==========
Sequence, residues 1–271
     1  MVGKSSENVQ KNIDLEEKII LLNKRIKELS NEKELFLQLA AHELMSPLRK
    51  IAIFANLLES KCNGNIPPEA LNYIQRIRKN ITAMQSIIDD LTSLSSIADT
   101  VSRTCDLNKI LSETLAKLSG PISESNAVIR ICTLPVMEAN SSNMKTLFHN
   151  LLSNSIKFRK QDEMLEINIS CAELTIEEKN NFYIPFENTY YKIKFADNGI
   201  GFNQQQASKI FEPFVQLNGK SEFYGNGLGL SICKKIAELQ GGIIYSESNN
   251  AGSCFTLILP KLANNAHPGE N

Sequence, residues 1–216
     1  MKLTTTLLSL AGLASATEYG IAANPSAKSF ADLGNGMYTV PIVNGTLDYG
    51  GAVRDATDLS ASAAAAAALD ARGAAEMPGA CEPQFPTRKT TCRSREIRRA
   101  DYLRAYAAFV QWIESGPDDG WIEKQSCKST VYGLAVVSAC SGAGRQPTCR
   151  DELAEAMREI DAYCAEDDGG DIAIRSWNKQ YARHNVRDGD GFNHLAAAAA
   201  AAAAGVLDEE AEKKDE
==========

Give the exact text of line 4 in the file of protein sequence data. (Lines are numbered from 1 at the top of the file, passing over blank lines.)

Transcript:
   101  VSRTCDLNKI LSETLAKLSG PISESNAVIR ICTLPVMEAN SSNMKTLFHN